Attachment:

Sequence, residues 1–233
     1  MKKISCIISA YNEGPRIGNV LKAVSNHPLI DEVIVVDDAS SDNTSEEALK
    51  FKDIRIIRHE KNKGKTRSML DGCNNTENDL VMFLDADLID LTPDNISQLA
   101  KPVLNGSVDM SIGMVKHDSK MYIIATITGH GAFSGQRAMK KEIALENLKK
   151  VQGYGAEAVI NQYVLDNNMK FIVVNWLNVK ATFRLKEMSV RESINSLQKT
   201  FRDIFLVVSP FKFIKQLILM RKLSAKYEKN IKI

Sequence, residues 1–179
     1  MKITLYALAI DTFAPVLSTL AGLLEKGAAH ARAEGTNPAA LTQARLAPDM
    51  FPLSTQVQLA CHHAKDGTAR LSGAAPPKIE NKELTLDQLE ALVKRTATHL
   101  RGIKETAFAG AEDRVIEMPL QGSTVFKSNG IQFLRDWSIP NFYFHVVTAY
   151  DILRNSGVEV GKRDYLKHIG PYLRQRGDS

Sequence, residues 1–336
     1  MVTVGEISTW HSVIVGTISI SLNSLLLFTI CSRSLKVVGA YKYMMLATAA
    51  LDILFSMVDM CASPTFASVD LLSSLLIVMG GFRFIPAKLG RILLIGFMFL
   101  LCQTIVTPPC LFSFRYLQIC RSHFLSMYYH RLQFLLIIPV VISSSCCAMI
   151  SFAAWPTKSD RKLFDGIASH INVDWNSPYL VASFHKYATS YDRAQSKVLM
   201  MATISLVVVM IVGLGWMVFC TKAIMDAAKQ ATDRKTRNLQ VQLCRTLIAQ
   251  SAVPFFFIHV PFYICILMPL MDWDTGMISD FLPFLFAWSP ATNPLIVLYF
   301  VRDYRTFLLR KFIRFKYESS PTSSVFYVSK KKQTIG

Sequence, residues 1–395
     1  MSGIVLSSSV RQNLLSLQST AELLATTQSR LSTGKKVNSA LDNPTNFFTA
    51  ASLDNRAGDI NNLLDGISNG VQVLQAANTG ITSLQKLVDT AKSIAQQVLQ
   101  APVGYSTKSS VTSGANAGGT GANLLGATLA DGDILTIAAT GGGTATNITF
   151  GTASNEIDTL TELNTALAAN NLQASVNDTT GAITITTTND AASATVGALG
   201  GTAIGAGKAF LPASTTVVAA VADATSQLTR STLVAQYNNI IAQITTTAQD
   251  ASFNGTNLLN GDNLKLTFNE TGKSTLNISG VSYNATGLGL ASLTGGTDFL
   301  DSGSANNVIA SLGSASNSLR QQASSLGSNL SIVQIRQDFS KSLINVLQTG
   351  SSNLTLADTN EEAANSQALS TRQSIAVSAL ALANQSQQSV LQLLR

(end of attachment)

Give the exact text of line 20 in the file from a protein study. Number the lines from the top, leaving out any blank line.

Sequence, residues 1–395